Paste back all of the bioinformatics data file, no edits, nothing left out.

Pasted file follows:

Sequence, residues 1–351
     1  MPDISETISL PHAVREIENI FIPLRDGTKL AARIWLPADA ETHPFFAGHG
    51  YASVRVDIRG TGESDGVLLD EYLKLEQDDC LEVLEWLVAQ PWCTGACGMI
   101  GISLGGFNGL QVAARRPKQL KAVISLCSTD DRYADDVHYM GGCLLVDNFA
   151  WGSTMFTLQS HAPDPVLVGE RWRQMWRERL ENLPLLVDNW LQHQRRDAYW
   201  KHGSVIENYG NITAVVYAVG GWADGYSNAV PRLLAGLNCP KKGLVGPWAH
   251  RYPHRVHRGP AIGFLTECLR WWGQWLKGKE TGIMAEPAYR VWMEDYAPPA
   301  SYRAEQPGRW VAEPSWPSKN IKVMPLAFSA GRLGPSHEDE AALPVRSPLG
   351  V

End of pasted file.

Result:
Sequence, residues 1–351
     1  MPDISETISL PHAVREIENI FIPLRDGTKL AARIWLPADA ETHPFFAGHG
    51  YASVRVDIRG TGESDGVLLD EYLKLEQDDC LEVLEWLVAQ PWCTGACGMI
   101  GISLGGFNGL QVAARRPKQL KAVISLCSTD DRYADDVHYM GGCLLVDNFA
   151  WGSTMFTLQS HAPDPVLVGE RWRQMWRERL ENLPLLVDNW LQHQRRDAYW
   201  KHGSVIENYG NITAVVYAVG GWADGYSNAV PRLLAGLNCP KKGLVGPWAH
   251  RYPHRVHRGP AIGFLTECLR WWGQWLKGKE TGIMAEPAYR VWMEDYAPPA
   301  SYRAEQPGRW VAEPSWPSKN IKVMPLAFSA GRLGPSHEDE AALPVRSPLG
   351  V